I think your stocking density may be a little too much.  I've stocked my 100 gallon system with 20 tilapia.  That's 1 fish for every 5 gallons of water.  Honestly I really only wanted to stock about 15 and bought 20 thinking some would die.  To answer your second question I probably would purchase a heater.  As the winter goes on the concrete on your basement floor is going to transfer some of the cold from the ground temp lowering.  You can always unplug the heater during summer and fall.  I originally had my tilapia in water that was 72 degrees Fahrenheit and since I've raised the temp to 78 they are much more active. 

You might also consider raising trout instead of tilapia. They handle cooler temperatures quite well. 

Also, since you're growing in your basement I assume you will be using artificial lights. If you use actual horticulture lamps (Metal Halide, Mercury Vapor, or High Pressure Sodium) they will also generate a fair amount of heat, that the water will retain so it won't be quite as cool as the surrounding air in your basement.

Thanks, I went ahead and ordered this heater.

Alex Veidel said:

Yeah, that should work. Catfish love the bottom of the tank, so they are a great choice to pair with other fish. If you decide to use goldfish to test your system, don't use cheap "feeder" goldfish. Since their goal is to be eaten by other fish, companies don't care about their living conditions; you run the risk of introducing disease to your system. By the way, if you are looking for a good heater, I have a friend that very highly recommends the Eheim Jager submersible heaters. They're not very expensive, one for your tank costs about $25. Here's a link.

http://www.drsfostersmith.com/product/prod_display.cfm?pcatid=23726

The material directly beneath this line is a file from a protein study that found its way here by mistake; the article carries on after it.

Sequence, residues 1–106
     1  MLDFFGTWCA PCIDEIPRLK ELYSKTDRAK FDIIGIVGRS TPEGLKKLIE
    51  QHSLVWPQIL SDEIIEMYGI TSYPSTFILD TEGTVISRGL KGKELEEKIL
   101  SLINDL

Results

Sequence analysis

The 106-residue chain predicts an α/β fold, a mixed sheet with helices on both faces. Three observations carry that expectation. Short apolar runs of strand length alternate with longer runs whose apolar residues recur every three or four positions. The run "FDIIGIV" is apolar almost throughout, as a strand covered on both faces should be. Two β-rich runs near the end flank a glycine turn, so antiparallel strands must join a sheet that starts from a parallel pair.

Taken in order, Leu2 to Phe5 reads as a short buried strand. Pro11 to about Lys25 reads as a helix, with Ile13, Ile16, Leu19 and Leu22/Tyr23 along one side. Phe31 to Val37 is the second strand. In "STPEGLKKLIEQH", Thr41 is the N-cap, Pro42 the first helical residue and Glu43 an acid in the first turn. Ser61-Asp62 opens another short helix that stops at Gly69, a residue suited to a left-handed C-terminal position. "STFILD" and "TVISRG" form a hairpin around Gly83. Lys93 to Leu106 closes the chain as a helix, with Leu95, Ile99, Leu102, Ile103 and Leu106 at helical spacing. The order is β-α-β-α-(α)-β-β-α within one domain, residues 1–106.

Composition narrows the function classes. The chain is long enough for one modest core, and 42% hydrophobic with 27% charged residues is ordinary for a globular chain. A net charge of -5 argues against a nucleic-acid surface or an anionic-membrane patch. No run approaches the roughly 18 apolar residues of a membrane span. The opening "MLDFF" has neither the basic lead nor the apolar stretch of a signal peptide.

I'm using T-8 lights right in one bed and T-5's in the other.   They don't generate much heat.  Eventually I'd like to get a Metal Halide.  The seedlings are a bit leggy and I don't know if the T-8s will work in the long run.

Kyle said:

You might also consider raising trout instead of tilapia. They handle cooler temperatures quite well. 

Also, since you're growing in your basement I assume you will be using artificial lights. If you use actual horticulture lamps (Metal Halide, Mercury Vapor, or High Pressure Sodium) they will also generate a fair amount of heat, that the water will retain so it won't be quite as cool as the surrounding air in your basement.

BCP - If the bulbs you are using are at least a year old I would recommend buying new bulbs.  Also, if your seedlings are leggy I'd drop those fluorescents as close to the plant canopy as possible.  I've had plants grow into fluorescents and the plants were fine.  Can't go wrong with a HID light though!  My 1000w is seriously outperforming my T5 fixture.

bcp, Don't kid yourself, those T-8's and T-5's put out quite a bit of heat. It's just that the heat is dispersed along the entire length of the tube (and the ballasts of course) so it just seems like they don't. Seriously, put those T-8's in an enclosed box and watch the ambient air temperature sky-rocket. I've used them to heat an otherwise unheated greenhouse space (bubble wrap insulated underneath a sprouting table) and was amazed at just how much heat those things put out. In a 2.4m3 space with temps at about freezing two pairs of 36Watt T-8's kept up a 9-12 degrees Celcius difference...

I guess because HID's put out all their heat at one concentrated point, so when we put our hand directly under that point, we think of them as 'hot"...